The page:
Top 5 Jerez

I recently visited the ancient city of Jerez de la Frontera in the very south of Spain to learn more about my favourite wine: Sherry. Alongside the beautiful bodegas, I also discovered a charming old town with narrow cobbled streets and Moorish architecture, rustic bars serving great charcuterie and other snacks, flamenco music, friendly locals and beautiful handicrafts. It’s a great city for walking, especially of an evening when everyone is out enjoying a glass of sherry, a bite to eat and the music – and by day it makes a perfect base for exploring the surrounding towns, vineyards, coast and wetlands. Add it to your ‘must visit’ list and be sure to pick up these highlights while you’re there.

 

Stay Hotel La Fonda Barranco
www.lafondabarranco.com
Dating back to the 15th century, this 10-room boutique hotel on a narrow cobbled street in the old town, is comfortable, low-key and slightly Moorish. Breakfast is served on the open rooftop with glimpses of the cathedral’s flying buttresses and the neighbours flapping washing. Book a rooftop suite.

 

Flamenco Tabanco El Pasaje
www.tabancoelpasaje.com
Eat jamon iberico and lomo (cured pork loin) and artichokes drizzled with PX vinegar in Jerez’s oldest tabanco (Andalucia’s casual bars), washed down with ridiculously inexpensive, delicious sherry while listening to flamenco singers and guitarists belt out their songs of woe.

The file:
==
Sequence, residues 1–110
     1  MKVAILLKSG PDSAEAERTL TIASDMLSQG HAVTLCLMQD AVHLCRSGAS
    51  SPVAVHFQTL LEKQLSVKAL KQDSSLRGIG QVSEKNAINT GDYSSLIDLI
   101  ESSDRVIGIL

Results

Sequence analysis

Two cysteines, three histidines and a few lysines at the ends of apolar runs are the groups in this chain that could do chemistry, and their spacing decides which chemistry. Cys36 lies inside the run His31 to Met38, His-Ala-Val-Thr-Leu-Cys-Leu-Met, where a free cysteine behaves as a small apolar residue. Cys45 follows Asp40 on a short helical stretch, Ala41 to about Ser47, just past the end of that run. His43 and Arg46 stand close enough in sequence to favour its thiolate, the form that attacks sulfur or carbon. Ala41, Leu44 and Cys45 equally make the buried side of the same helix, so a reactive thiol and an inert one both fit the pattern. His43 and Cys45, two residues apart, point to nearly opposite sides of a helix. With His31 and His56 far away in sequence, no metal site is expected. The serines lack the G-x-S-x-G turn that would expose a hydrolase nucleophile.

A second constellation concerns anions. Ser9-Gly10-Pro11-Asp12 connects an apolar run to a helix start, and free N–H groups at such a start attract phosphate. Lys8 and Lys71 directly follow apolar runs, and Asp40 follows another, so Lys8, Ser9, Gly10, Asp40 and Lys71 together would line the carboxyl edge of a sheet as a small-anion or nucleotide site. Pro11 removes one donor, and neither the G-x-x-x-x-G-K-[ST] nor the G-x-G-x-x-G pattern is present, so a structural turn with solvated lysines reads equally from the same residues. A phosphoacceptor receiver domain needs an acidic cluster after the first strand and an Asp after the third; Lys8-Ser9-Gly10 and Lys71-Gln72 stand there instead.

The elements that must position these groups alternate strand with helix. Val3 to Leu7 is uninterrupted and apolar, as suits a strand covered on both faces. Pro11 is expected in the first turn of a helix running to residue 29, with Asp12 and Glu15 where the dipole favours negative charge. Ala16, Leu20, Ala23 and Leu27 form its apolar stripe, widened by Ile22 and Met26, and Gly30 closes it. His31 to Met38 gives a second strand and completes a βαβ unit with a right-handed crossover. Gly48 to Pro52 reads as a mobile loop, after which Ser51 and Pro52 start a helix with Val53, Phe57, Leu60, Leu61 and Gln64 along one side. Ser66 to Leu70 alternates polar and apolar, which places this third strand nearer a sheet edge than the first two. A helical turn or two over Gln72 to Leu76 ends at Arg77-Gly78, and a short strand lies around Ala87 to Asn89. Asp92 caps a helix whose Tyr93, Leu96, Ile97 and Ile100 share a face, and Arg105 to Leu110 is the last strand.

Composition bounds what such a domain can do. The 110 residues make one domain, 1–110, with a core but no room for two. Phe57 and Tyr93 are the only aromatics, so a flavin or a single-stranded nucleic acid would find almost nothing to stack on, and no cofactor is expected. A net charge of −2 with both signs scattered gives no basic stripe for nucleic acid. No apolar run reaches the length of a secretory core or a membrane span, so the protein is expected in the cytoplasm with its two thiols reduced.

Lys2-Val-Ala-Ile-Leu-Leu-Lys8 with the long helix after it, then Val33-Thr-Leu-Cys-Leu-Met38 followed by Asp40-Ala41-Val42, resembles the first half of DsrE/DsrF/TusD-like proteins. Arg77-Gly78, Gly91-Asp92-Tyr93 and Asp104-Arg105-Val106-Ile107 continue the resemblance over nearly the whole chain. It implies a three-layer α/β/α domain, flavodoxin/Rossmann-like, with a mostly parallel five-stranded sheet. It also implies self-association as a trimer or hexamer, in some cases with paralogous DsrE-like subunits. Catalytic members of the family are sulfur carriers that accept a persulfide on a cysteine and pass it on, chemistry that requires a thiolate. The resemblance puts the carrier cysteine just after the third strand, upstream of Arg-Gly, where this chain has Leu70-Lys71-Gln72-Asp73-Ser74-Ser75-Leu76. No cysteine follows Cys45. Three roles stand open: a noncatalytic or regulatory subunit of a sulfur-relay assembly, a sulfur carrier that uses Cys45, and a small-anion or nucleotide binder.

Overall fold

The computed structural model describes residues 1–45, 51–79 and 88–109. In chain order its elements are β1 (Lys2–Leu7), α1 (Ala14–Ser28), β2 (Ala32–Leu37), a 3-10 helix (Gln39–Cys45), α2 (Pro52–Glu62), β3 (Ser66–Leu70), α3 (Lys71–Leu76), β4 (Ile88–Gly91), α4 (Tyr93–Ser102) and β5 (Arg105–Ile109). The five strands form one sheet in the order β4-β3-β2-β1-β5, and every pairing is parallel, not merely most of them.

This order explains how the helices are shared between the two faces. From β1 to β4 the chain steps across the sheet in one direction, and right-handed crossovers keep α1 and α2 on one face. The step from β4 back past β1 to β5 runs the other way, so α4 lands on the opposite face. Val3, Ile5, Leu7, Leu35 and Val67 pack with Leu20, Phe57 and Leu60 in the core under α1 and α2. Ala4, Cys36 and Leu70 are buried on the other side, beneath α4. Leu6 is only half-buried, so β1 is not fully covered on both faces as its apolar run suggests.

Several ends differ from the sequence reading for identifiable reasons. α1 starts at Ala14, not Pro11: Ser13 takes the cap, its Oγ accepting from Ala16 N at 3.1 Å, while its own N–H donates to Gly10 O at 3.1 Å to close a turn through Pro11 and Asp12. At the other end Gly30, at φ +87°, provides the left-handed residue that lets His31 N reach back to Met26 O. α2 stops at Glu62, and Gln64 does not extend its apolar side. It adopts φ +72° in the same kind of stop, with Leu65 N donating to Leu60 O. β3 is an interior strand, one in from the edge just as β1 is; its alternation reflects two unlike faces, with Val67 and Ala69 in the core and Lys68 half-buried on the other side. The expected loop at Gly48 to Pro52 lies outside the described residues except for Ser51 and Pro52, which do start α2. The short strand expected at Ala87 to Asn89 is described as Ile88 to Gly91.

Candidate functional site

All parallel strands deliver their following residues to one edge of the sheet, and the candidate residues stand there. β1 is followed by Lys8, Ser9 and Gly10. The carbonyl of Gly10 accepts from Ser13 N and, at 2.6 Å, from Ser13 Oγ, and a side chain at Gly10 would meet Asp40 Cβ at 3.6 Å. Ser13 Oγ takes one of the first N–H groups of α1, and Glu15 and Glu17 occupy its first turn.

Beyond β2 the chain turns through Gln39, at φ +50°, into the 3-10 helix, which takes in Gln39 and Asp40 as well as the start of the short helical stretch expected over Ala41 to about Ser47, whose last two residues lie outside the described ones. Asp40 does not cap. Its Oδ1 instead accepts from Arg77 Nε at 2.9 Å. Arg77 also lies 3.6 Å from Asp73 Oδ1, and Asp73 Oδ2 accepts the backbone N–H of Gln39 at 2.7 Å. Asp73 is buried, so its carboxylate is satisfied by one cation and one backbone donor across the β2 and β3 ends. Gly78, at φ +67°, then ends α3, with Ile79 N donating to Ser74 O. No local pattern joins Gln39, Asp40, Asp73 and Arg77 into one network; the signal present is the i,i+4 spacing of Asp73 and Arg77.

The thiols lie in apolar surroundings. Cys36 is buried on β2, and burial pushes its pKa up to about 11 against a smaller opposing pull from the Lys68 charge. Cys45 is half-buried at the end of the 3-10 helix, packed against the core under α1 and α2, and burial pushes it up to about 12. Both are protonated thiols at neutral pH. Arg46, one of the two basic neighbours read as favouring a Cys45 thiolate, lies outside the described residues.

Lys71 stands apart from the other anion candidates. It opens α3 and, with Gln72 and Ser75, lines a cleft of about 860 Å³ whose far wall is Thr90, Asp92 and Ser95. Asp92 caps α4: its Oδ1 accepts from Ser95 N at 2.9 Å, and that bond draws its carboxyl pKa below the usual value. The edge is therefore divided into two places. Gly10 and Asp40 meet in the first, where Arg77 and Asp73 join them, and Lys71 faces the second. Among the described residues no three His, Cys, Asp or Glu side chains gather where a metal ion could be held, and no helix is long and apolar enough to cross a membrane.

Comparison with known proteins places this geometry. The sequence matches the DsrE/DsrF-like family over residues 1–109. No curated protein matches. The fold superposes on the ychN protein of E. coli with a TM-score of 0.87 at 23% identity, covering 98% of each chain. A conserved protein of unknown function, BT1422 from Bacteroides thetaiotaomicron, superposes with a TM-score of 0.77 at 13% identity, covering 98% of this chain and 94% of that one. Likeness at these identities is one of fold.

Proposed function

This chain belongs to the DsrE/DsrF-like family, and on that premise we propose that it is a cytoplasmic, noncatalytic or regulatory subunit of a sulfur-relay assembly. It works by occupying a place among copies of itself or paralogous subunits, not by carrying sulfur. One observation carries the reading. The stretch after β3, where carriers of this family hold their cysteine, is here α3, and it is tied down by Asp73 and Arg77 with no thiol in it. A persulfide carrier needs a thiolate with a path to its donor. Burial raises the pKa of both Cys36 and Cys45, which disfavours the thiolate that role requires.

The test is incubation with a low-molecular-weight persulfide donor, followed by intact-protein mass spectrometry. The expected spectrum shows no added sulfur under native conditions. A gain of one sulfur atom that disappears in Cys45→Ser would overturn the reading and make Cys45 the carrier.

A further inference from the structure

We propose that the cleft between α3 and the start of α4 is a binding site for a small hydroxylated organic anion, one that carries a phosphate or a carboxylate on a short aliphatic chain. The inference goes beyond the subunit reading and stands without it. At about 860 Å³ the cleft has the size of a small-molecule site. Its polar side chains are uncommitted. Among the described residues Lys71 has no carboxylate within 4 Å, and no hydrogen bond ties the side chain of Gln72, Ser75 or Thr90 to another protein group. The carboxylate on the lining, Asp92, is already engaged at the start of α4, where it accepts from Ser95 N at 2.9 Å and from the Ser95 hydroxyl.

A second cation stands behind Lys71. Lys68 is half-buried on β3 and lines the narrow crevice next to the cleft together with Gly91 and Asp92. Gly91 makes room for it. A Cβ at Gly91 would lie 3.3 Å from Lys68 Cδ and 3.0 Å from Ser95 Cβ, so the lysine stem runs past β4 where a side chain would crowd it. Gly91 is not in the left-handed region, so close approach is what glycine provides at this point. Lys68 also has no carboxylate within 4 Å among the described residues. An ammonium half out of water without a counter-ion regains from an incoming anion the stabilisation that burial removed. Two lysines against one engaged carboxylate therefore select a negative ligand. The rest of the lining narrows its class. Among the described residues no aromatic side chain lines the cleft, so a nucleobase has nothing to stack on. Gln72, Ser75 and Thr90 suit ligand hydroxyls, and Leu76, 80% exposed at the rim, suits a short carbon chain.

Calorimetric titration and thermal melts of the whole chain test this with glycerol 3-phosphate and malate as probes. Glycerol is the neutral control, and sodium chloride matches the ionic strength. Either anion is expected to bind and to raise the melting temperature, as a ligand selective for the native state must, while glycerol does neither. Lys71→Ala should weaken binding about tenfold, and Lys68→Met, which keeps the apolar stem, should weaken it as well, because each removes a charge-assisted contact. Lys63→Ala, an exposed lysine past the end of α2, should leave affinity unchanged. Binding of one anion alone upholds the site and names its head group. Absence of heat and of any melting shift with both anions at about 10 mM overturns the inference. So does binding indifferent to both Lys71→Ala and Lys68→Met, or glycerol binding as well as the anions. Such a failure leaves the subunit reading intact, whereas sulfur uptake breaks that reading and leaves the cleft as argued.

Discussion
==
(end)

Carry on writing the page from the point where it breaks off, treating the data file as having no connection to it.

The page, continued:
History Alcázar of Jerez de la Frontera
www.jerez.es
The old town is dominated by the ancient walls of this 12th century Moorish fortress which contains the city’s only remaining mosque, gardens, a tower with views over the rooftops and an olive press with huge grindstone and half-buried amphorae. Well worth a stroll around, as is the gothic cathedral in front of it.

 

Bodega Bodegas Tradición
www.bodegastradicion.es
Of course you’ll visit several bodegas, but don’t miss the fabulous collection of 15th to 20th century Spanish art at Tradición (including Picasso ceramics). They are also one of the few bodegas that still ‘run the scales’ (transfer wine from one level of the solera to the next) completely by hand.

 

Shop MusArt, Calle Tornería 11
www.facebook.com/musart.entreartes
This charming hole-in-the-wall is a riot of colourful suede handbags, scarves, handmade costume jewellery and other delights that make far better souvenirs than the usual flamenco fridge magnets – great value too. Some items are made in Spain, others are from Morocco made exclusively for the shop.

 

 

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